• Harry Potter:
  • A throwaway line in Home Sweet Home Alone reveals that an adult Kevin McCallister now runs a home security company, confirming a popular theory that Kevin eventually put his experience fighting the Wet Bandits to good use by designing home security systems.
  • The Fan-Preferred Couple of Haymitch/Effie in The Hunger Games was popular enough to get it more than a passing nod in the movie versions, becoming particularly evident in The Hunger Games: Mockingjay – Part 1 and Part 2, where the Ship Tease becomes too obvious to be anything but intentional and eventually leads to a hinted-at Relationship Upgrade. It probably didn't hurt that Elizabeth Banks was one of the fans in question.
  • Rio from Jem was considered Latino by fans despite the official consensus being that it's unintentional. The 2015 live-action adaptation has a Latino actor play him.
  • The Lord of the Rings: The Fellowship of the Ring features an elf in the Council of Elrond scene who is literally onscreen for three seconds, says nothing, and indeed is barely noticeable standing behind Legolas. But fans, being fans, latched on to this character (played by Bret MacKenzie of Flight of the Conchords fame) and formed stories and relationships around him, bestowing upon him the name "Figwit" (an acronym for "Frodo is great... who is that?!"). So big was his fanbase that he was brought back for The Return of the King, actually given a couple of lines, and—though officially credited as "Elf Escort" — is called "Figwit" in the filmmakers' DVD commentary. Canonization was complete when MacKenzie's character appeared in The Hobbit, this time named onscreen as Lindir ("the singer").
  • Marvel Cinematic Universe:
    • On April 18, 2017, Marvel Studio head Kevin Feige confirmed that all of the Stan Lee cameos in Marvel movies and TV shows are related, which was later reiterated when Guardians of the Galaxy Vol. 2 revealed that he is an informant for the Watchers. This was a nod to the popular fan theory that Stan Lee was really Uatu the Watcher, with James Gunn even saying he got the idea to have Stan working for the Watchers from message boards.
    • On June 26, 2017, both Feige and Tom Holland confirmed another popular fan theory, that the kid in the toy Iron Man helmet whom Tony saved from one of Justin Hammer's out of control military drones in Iron Man 2 was in fact Peter Parker.
  • The Phantasm "phandom" has long used term "Sentinel Spheres" to refer to the silver spheres. They are occasionally referred to as such by Don Coscarelli during the DVD commentaries as well, suggesting that he's adopted this term for them.
  • Pirates of the Caribbean:
    • Pirates of the Caribbean: At World's End featured one of these when Keith Richards was written into the film as Captain Teague, Keeper of the Code and Jack Sparrow's father after, as Terry Rossio put it, "the world collectively woke up one day and decided that Keith Richards was going to be in these films." This was likely due to Johnny Depp discussing it in interviews, since Richards was an influence on Depp's portrayal of Jack Sparrow.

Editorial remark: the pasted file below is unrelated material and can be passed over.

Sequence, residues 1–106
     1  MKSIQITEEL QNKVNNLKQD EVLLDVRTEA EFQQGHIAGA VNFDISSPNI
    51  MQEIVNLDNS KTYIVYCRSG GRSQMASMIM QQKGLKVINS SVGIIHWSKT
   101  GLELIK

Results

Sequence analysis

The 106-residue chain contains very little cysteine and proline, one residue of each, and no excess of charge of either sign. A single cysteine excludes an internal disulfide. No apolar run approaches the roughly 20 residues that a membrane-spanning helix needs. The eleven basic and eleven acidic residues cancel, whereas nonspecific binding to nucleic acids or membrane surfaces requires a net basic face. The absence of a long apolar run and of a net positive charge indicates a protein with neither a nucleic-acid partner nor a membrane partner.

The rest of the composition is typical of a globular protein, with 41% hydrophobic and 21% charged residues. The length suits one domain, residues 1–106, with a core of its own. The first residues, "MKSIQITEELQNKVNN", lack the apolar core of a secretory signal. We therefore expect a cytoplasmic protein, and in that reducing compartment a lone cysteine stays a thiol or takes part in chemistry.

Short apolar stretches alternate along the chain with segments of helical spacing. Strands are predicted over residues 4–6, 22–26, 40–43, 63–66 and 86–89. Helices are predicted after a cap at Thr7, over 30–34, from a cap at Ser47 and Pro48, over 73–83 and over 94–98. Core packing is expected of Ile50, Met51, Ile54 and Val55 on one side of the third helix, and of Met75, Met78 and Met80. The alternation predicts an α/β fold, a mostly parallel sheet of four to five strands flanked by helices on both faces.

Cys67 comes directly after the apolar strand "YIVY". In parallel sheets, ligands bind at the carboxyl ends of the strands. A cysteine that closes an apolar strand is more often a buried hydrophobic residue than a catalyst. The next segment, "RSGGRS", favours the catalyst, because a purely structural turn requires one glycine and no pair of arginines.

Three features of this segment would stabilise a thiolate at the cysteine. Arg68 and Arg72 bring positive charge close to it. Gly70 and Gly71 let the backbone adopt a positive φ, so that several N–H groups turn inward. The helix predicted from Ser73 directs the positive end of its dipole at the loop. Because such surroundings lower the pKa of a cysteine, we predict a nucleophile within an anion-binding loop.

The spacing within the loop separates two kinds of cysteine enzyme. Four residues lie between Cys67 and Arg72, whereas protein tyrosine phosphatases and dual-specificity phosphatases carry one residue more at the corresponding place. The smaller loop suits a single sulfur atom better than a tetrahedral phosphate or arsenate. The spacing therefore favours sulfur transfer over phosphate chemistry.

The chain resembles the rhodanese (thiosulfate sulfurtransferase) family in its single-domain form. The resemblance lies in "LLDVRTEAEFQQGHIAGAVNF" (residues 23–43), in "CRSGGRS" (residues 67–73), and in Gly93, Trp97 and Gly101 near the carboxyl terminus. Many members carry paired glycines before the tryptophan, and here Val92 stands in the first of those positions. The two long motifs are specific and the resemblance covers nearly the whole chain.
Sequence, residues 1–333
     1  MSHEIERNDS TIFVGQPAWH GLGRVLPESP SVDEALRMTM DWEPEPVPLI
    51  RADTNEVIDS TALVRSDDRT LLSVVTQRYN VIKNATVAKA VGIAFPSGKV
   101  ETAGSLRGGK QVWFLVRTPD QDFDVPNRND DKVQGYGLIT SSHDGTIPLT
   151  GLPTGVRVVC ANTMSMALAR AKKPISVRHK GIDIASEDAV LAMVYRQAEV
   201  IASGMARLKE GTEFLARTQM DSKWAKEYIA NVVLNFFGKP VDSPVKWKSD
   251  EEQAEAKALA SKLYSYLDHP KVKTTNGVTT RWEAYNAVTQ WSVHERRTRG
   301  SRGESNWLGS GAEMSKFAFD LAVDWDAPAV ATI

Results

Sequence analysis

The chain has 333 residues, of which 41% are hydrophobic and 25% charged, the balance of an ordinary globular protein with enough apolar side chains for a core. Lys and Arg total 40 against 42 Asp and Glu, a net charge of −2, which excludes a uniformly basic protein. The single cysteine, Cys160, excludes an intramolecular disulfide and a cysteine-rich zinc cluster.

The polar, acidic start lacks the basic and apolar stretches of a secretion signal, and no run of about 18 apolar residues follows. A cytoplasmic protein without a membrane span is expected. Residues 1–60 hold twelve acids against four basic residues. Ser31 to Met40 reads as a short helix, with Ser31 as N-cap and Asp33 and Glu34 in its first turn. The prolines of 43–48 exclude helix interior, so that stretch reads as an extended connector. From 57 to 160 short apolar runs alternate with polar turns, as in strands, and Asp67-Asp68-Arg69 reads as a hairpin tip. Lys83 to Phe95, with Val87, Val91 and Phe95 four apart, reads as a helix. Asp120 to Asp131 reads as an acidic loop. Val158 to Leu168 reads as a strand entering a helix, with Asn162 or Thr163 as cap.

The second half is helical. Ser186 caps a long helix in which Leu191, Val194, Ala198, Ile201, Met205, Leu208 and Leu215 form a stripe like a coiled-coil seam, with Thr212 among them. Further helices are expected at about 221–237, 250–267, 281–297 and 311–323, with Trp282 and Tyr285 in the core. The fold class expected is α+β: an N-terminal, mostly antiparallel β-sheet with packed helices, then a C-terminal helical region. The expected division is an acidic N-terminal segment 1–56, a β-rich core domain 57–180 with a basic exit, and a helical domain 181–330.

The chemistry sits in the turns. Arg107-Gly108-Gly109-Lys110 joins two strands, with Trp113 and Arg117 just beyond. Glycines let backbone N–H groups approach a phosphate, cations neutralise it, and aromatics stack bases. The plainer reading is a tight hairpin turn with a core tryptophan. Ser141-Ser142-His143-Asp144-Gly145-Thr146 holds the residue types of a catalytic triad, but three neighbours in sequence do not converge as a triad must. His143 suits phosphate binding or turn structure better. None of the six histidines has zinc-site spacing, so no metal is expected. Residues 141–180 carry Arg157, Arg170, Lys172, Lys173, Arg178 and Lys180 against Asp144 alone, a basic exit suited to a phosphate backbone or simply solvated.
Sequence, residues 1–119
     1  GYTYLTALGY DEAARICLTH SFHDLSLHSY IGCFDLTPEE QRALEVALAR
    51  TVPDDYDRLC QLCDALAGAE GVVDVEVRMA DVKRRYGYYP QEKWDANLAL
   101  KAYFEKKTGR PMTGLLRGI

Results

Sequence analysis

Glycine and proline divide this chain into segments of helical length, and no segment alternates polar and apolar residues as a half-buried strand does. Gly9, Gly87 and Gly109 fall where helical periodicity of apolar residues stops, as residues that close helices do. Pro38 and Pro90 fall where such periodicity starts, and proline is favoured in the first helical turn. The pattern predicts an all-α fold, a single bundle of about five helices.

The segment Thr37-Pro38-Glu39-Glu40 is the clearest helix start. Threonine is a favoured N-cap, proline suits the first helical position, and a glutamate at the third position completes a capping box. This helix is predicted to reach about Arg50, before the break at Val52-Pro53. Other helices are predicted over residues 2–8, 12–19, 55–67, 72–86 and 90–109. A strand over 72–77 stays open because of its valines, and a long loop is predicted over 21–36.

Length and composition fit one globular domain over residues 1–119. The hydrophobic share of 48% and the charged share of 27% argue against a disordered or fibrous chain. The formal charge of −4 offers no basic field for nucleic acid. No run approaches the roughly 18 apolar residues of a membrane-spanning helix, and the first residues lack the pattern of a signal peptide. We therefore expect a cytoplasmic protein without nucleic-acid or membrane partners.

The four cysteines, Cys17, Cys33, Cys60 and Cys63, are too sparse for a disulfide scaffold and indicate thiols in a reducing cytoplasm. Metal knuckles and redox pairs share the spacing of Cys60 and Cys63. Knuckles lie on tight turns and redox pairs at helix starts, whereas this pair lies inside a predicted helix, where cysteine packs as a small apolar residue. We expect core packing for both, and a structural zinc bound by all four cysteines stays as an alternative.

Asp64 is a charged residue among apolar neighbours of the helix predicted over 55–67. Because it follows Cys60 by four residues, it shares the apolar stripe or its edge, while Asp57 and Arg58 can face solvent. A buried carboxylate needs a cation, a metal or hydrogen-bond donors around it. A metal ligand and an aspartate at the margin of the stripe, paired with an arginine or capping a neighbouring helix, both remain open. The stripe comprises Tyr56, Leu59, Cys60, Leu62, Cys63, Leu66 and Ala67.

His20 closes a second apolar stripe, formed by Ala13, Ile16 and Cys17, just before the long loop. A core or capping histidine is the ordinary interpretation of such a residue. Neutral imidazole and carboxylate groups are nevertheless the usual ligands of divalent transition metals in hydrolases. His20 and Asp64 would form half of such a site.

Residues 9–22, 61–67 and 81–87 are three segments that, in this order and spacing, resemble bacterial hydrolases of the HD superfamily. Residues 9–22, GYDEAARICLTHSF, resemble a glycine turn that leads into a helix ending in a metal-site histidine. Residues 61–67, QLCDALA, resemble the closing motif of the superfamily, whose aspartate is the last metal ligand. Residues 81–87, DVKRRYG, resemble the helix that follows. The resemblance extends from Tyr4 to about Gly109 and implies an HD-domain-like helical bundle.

• In the same film, Barbossa's first name is "Hector", an idea that was worked out privately with Depp and Rush while filming Curse of the Black Pearl, and caught on with fans after Depp mentioned it in the DVD commentary.
    • Lt. Theodore Groves, played by Greg Ellis, was just "Groves" in the first movie, but fans took a shine to him and gave him a first name and a backstory, much to the actor's surprise and delight, and the creators were onboard.
  • The official Puppet Master comic book series confirms that Andre Toulon's villainous actions in Puppet Master II were the result of him Coming Back Wrong after his resurrection—which had long been a popular fan theory about why his characterization in that film differs so strongly from how he's portrayed in the prequels.
  • The ending of Saw 3D in which Dr. Gordon is revealed to have been acting as an accomplice to Jigsaw ever since escaping his trap at the end of Saw was a long-standing fan theory before finally being written into canonicity.
  • Star Trek:
    • Star Trek (2009) canonizes Uhura's first name of Nyota; it was assigned by either William Rotsler or Vonda N. McIntyre, depending on who you ask, and endorsed by Nichelle Nichols and Gene Roddenberry, to the point where it was in general use for decades but simply had never managed to make it into a canon production. The same movie canonized the names George and Winona for James T. Kirk's parents, coined in a novel by McIntyre.
    • Star Trek VI finally made official Sulu's personal name of Hikaru, which also originated in a McIntyre novel a decade earlier.
    • Kirk being from Iowa was fanon before Star Trek IV. Someone told Nicholas Meyer, who was one of the film's writers, that Kirk was from Iowa. Consequently, it ended up in the film and became canonical.
  • Star Wars:
    • Boba Fett has maybe 20 minutes total screen time in the original trilogy and gets knocked into a pit by a blind guy, but has been written about so much in the Expanded Universe that George Lucas himself has promoted him clawing his way out of the Sarlacc to canonicity with little more than "sure, why not?" It had reached the level of fanon that Boba Fett's armor was the type worn by the predecessors of the Imperial Stormtroopers during the Clone Wars (this was based on a statement in the novelizations, which said the armor dated back to the Clone Wars). This ended up being excruciatingly close to the truth — the Clone Troopers' original armor was a mass-produced version of Jango Fett's armor without most of his cool gizmos.